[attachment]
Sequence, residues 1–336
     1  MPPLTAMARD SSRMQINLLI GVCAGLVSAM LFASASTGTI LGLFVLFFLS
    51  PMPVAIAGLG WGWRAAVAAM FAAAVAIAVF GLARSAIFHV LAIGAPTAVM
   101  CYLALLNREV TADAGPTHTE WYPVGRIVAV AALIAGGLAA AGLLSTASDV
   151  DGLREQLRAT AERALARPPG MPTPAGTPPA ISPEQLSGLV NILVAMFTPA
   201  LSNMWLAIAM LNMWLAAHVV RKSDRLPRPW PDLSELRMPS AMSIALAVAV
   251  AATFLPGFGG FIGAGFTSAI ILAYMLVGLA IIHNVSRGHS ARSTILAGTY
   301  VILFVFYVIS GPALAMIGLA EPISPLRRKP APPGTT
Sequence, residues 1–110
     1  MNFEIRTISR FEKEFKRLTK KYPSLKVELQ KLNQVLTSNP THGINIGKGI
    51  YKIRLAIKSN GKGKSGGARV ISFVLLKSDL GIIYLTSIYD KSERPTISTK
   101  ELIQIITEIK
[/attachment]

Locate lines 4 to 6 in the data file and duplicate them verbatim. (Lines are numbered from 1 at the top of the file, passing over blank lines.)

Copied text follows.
   101  CYLALLNREV TADAGPTHTE WYPVGRIVAV AALIAGGLAA AGLLSTASDV
   151  DGLREQLRAT AERALARPPG MPTPAGTPPA ISPEQLSGLV NILVAMFTPA
   201  LSNMWLAIAM LNMWLAAHVV RKSDRLPRPW PDLSELRMPS AMSIALAVAV